‘I want some more wine, what were you doing in there? And why does this place fucking stink?’

     ‘I’m sorry Sir,’ said the new waitress, ‘it’s the garbage strike. They won’t come round for the bags.’

    ‘Garbage strike? I think that stink is coming out of your ass sweetie. All this garbage? All this stink? Tell me I’m wrong?’

The new waitress smiled.

  ‘Why did you smile at him,’ I asked her while we waited for Hariko to count the money and file the receipts away.

  ‘They’ve got the money. We don’t. We’re powerless. What do you think is going to happen to us when this restaurant has to close?’

   ‘Fuck!’ shouted Hariko, ‘This fucking calculator!’



    ‘We nearly have it,’ Margaret Junior said, breathlessly.

     ‘We should go out for a drink to celebrate,’ I said.

      ‘Should we?’ she said.

      ‘Of course!’ I said.

     ‘We can’t,’ she said.


During my break on Tuesday I walked down the twist of streets that surrounded the restaurant, looking at posters that the rain had washed, the flaking greyness that people had torn at, slashes and teeth in the advertisements and slogans. Graffiti covered the walls and I followed the trail of angry words, reading and listening to the shouting and beeping of car horns in the distance, until I realised that I had walked all the way to Margaret’s club in the middle of the City.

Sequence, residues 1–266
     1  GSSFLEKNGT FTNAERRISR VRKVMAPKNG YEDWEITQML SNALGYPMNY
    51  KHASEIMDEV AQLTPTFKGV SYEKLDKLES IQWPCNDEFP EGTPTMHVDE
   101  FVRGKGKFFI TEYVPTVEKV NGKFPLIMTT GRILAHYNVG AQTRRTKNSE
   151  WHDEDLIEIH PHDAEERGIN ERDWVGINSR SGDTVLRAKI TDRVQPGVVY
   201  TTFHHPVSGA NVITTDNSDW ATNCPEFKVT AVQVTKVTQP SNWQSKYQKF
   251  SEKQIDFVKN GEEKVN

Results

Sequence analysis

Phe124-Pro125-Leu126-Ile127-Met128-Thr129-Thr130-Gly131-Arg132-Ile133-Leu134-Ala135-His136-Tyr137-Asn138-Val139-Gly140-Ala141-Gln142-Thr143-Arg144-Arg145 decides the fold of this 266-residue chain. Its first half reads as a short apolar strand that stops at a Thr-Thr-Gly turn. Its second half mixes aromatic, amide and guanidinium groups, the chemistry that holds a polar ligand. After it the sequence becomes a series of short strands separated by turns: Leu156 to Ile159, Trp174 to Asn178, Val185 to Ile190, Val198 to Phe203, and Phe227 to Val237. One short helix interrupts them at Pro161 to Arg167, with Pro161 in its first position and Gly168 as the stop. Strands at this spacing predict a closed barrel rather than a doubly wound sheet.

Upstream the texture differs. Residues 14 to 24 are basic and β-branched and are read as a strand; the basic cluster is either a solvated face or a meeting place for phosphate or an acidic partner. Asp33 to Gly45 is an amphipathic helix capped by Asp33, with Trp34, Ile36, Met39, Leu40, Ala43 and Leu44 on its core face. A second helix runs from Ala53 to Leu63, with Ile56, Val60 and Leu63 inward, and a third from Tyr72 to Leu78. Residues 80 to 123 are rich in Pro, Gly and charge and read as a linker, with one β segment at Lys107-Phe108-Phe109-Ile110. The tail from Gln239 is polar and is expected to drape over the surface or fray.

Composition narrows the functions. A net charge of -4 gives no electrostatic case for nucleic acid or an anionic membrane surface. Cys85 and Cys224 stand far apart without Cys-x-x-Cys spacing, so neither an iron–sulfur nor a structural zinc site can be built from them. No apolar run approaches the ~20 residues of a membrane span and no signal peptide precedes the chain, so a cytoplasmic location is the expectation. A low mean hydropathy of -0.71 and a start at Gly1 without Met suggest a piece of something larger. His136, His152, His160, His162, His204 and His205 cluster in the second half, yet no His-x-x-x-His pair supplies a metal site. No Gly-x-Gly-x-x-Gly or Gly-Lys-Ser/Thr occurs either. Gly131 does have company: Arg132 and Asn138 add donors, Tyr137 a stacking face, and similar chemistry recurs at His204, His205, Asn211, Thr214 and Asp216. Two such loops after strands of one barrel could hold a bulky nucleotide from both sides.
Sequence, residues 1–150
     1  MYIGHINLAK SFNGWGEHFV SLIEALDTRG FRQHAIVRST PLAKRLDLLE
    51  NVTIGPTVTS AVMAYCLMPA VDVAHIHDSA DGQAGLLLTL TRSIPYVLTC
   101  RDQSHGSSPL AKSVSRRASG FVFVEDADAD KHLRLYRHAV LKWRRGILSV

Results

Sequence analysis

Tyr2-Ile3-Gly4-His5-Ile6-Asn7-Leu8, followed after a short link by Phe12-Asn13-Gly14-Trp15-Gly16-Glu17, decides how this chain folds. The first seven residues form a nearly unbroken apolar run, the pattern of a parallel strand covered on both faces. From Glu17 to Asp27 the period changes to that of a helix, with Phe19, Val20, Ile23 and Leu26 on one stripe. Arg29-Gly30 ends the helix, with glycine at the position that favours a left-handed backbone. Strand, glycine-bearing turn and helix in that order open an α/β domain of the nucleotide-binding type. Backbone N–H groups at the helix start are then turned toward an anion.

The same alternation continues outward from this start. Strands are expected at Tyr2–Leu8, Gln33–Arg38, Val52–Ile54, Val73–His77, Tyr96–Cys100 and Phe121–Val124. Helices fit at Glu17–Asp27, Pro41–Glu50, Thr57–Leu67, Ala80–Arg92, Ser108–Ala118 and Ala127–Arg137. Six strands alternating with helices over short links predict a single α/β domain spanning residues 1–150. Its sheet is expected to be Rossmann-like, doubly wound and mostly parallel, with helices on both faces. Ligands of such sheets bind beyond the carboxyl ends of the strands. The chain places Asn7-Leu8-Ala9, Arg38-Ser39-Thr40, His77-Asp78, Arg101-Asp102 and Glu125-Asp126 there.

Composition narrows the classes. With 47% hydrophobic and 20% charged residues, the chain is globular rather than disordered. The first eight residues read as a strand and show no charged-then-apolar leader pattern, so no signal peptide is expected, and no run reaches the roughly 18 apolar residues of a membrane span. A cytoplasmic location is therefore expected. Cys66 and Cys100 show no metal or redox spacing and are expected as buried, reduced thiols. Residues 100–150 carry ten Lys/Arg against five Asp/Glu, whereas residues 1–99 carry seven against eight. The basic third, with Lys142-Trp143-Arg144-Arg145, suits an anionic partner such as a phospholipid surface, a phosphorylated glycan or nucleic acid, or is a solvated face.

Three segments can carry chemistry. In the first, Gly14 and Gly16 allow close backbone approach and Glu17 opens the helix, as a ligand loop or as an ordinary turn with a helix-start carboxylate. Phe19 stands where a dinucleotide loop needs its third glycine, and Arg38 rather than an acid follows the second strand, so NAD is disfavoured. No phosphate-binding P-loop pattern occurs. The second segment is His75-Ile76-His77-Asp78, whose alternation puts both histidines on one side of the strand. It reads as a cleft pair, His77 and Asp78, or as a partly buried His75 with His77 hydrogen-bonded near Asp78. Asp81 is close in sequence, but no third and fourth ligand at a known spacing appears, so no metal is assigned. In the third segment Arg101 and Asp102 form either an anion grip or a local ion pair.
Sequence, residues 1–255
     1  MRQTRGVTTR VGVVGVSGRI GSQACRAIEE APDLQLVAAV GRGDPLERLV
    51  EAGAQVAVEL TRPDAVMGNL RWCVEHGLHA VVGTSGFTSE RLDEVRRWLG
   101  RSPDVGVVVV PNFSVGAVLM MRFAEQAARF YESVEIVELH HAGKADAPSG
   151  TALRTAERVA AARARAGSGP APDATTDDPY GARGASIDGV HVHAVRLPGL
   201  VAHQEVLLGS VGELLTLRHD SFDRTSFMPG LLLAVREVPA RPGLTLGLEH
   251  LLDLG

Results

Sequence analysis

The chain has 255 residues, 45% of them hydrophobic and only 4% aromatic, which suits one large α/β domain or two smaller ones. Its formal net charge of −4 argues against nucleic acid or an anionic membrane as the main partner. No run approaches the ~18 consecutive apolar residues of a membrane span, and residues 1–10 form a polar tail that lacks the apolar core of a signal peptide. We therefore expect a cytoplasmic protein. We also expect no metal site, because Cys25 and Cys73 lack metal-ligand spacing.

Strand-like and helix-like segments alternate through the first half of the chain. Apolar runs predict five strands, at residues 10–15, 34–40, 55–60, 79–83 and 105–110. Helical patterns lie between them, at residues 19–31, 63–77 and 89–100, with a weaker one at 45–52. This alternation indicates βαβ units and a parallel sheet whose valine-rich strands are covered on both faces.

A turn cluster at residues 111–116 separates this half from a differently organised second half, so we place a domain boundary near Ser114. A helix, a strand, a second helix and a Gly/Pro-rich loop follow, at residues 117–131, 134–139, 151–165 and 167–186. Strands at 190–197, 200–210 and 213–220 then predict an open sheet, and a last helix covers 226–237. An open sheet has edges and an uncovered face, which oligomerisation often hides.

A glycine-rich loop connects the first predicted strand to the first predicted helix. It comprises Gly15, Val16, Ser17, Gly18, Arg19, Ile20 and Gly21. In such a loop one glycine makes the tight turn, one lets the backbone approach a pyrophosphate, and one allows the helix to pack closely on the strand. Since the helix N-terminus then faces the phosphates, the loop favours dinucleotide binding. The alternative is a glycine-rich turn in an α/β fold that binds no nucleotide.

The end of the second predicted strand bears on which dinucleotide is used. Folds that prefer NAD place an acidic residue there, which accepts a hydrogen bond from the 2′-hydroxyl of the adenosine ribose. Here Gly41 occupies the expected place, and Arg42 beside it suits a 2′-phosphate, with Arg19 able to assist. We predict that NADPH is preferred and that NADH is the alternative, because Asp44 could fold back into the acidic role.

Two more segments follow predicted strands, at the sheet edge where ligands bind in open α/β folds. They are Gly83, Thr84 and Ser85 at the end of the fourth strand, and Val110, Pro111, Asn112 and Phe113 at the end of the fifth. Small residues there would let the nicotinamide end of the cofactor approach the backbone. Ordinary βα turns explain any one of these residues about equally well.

‘Hello, welcome to Sabrina’s,’ said the woman at the door. She wore a feathered tit-top and earring that tugged on her lobes and pulled the holes open wide.

I sat down and watched Margaret dance for a group of men in suits until she walked in my direction and I caught her eye.

  ‘My names Delicious,’ she said. She moved quickly, her round belly glistening in the green light.

  ‘Hello Delicious,’ I said, stuffing a handful of our savings into the space between her breasts.

As she danced, I looked towards the back door where Margaret had told me bags and bags full of sanitary waste; condoms, sperm and hairbrush fluff were piled, the smell of humankind overwhelming.

Margaret took off the paper hat that I wore at the restaurant and threw it on the floor, rubbing my head and grabbing hold of the lapels on my polyester uniform. When the lights flashed, she moved like a wind-up doll.


 Hariko said that he had to dock my wages because I had damaged my uniform outside of work.

   ‘Come on man,’ I said, pushing the ridges out of my hat.

   ‘Listen Mickey, just because we are buddies it does not mean that I can make allowances for you, there is no such things as buddies in work Mickey.’

I looked at him, disbelieving. The stink of the restaurant filled my nostrils.

   ‘Are you serious?’

   ‘Oh yes, I am very serious!’